In today's newsletter, we simplify the new Personal Data Protection Bill that everyone's talking about.


The Story

In late 2017, the Supreme Court of India pronounced a landmark verdict. It held that every citizen in India is entitled to his/her right to privacy. And that information privacy (considering we are now living in the digital age) is a part of this broader fundamental right. This was the first time someone formally acknowledged that we needed to allow users to have more control over how their data is collected and stored by entities operating in India.

The only problem — Existing laws were woefully inadequate to deal with information use/flow in the digital era. So the government got to work and decided to put together an overarching framework that could deal with this pesky little issue.

The Outcome — The Personal Data Protection Bill

The stated goal is simple. To protect user data and give control back to the people. This means asking users for clear consent before getting to work with their data — “What will we do with the data?”, “Where will the data be stored?”, “Is there going to be any behavioural profiling on the customer?”. Stuff like that. Also, firms can no longer get away by simply asking for blanket permissions from users. If there’s an app that promises to show you the weather, it can’t be asking for your Phone number, SMS data, voice recordings, your bedtime routine,  etc. That can’t happen anymore, because why would a weather app want to go through your SMS records?

The bottom line —The data processor can only collect data that is necessary to provide services that has been agreed upon. No more. No less.

The Bill also includes provisions that mandate companies to provide users with options to migrate their data from one service provider to another. In fact, users will also have the right to be completely forgotten. So you no longer have to worry about your data being mined, long after you’ve stopped using the service. And to ensure service providers fully comply with the new regulations, there will be periodic reviews to see if anyone’s being lax. In the event that they fail to comply fully, penalties will follow.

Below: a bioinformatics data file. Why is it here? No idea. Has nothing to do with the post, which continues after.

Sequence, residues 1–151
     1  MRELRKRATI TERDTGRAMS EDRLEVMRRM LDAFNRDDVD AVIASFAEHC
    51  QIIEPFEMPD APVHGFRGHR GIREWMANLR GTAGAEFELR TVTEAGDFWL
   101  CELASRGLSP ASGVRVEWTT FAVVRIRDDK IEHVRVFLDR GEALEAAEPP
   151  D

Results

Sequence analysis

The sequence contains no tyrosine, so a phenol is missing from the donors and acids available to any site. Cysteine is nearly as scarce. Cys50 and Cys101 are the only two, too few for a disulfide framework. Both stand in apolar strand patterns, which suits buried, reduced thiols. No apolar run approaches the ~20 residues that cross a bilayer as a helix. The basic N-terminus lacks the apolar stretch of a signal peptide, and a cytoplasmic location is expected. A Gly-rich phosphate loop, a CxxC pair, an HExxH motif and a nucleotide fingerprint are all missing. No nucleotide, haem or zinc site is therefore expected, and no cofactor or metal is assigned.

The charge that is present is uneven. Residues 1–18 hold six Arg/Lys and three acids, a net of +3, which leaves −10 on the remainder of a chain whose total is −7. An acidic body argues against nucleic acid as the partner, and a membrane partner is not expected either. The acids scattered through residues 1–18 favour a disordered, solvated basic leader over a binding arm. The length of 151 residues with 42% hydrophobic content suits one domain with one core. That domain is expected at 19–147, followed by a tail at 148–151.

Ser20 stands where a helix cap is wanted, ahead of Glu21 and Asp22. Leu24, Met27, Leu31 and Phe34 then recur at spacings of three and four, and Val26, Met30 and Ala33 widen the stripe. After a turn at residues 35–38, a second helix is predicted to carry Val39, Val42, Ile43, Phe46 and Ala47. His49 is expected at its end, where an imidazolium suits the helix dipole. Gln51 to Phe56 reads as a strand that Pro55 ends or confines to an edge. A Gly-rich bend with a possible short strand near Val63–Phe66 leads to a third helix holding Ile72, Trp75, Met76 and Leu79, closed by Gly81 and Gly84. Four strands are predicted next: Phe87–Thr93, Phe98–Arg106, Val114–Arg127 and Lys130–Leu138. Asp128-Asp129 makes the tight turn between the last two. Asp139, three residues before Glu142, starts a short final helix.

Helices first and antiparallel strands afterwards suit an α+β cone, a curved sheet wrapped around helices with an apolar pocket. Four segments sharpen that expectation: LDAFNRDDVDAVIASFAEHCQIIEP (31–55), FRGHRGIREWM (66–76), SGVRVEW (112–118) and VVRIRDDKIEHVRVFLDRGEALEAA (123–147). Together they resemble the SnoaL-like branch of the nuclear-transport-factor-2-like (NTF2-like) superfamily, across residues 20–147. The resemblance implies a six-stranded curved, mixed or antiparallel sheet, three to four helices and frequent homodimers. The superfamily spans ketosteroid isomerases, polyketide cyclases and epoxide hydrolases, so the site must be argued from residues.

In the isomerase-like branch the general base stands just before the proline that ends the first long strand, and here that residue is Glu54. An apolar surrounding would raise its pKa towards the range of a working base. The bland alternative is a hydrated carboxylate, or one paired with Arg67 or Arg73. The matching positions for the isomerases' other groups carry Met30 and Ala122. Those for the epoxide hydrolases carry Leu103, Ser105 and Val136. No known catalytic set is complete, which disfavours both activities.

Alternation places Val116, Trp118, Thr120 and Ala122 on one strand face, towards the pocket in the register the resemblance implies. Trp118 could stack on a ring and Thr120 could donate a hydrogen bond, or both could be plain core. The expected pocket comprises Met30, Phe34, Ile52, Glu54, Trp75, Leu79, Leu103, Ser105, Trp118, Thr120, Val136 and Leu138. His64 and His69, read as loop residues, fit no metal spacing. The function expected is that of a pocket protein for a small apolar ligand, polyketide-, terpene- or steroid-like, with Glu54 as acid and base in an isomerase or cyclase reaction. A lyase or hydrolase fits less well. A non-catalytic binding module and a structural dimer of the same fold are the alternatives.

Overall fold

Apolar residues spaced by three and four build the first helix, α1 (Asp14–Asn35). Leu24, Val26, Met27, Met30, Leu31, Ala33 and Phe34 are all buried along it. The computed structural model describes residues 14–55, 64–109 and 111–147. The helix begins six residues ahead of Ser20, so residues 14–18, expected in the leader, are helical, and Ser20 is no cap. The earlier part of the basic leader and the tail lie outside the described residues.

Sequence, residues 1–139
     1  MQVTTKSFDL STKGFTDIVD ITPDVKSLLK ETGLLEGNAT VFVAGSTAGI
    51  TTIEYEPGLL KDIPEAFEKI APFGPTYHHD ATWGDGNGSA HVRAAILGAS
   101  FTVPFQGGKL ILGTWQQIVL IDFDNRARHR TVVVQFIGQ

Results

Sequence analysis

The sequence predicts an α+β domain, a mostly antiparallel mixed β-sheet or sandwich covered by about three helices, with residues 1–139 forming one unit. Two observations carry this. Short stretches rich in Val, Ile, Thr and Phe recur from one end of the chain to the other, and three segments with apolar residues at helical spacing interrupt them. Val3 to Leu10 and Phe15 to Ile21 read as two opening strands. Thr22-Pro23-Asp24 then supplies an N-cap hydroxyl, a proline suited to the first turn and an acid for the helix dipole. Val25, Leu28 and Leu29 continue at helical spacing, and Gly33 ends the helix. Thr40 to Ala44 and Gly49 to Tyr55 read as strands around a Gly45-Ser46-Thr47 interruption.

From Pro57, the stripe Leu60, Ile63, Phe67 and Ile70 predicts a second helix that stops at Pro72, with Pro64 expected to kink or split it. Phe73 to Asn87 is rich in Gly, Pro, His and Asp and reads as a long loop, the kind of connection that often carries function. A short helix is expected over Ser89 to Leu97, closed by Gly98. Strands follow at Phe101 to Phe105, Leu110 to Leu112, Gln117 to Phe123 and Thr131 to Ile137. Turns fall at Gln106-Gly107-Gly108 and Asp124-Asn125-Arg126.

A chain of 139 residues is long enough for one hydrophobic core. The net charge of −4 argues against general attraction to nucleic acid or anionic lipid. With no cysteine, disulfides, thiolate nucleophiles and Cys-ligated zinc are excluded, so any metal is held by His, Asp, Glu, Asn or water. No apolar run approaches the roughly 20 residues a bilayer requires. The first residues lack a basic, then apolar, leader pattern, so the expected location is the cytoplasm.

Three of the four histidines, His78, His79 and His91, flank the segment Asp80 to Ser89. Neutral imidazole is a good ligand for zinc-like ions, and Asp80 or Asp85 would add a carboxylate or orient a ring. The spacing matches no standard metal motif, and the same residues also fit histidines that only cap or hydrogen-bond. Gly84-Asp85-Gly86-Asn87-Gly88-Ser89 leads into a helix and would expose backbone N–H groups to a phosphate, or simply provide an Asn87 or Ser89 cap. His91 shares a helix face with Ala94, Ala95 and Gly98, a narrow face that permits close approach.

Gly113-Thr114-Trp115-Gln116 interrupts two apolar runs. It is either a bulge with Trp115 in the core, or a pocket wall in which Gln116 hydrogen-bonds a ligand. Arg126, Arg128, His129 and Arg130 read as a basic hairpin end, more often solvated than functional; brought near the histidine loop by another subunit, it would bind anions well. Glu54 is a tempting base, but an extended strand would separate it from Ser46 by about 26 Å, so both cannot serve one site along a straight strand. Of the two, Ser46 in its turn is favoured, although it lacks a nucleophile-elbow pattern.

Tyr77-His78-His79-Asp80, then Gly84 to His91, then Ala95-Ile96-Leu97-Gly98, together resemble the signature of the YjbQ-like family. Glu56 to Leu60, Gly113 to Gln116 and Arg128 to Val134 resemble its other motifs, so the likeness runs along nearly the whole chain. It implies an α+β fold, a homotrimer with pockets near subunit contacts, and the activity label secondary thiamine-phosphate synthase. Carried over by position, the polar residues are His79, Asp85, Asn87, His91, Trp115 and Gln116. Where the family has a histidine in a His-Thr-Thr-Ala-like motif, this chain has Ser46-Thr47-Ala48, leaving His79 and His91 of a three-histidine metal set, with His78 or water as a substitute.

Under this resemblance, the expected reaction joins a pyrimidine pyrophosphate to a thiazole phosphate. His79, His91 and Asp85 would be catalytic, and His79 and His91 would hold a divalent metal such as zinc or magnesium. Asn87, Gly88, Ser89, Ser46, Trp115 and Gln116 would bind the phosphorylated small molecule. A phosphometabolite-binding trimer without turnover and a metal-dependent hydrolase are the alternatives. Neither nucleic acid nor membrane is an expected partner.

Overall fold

While this seems like an excellent proposition, it’s not completely bereft of problems either. Most notably — the issues pertaining to data localization.

Now the government has mandated that certain critical data will have to be stored locally i.e. in India. The problem is that this is going to court retaliation. Now we still don’t know what “critical data” actually entails but other countries aren’t going to like this sort of thing. They’ll impose restrictions of their own. Imagine Infosys having to build local data centres in the United States to process and use information from US citizens. Okay, maybe Infosys can afford it. But what about some small Indian company trying to set up an offshore base. They’ll have to make new investments and this can’t possibly be good for business.

In fact, this seems to be the biggest criticism for now, in that the regulations don’t take into account the economic impact of data protection/localisation and we could actually end up hurting many businesses in the process. Even others contest that the government has given itself massive leeway to adjudicate matters pertaining to violations and that it seems like its a bit excessive.

But despite all this, the introduction of the data protection bill is definitely a step in the right direction. At least now we will know what we are getting into right?



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